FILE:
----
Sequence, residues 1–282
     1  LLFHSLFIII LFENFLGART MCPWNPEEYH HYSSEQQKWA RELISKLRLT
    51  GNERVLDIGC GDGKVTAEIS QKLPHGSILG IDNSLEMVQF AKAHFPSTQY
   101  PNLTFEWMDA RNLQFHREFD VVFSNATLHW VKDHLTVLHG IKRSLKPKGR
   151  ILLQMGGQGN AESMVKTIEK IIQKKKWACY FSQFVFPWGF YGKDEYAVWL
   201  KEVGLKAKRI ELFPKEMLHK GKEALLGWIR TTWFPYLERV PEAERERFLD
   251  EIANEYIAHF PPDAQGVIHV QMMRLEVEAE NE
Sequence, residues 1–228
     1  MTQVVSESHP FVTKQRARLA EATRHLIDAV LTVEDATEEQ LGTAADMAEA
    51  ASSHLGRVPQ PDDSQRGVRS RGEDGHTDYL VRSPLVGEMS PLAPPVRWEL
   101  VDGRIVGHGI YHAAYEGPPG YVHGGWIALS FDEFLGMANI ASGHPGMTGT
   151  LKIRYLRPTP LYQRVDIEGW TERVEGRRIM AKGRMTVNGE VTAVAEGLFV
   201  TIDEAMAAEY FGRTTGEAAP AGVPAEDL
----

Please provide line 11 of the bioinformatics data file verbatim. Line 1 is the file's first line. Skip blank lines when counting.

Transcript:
   101  VDGRIVGHGI YHAAYEGPPG YVHGGWIALS FDEFLGMANI ASGHPGMTGT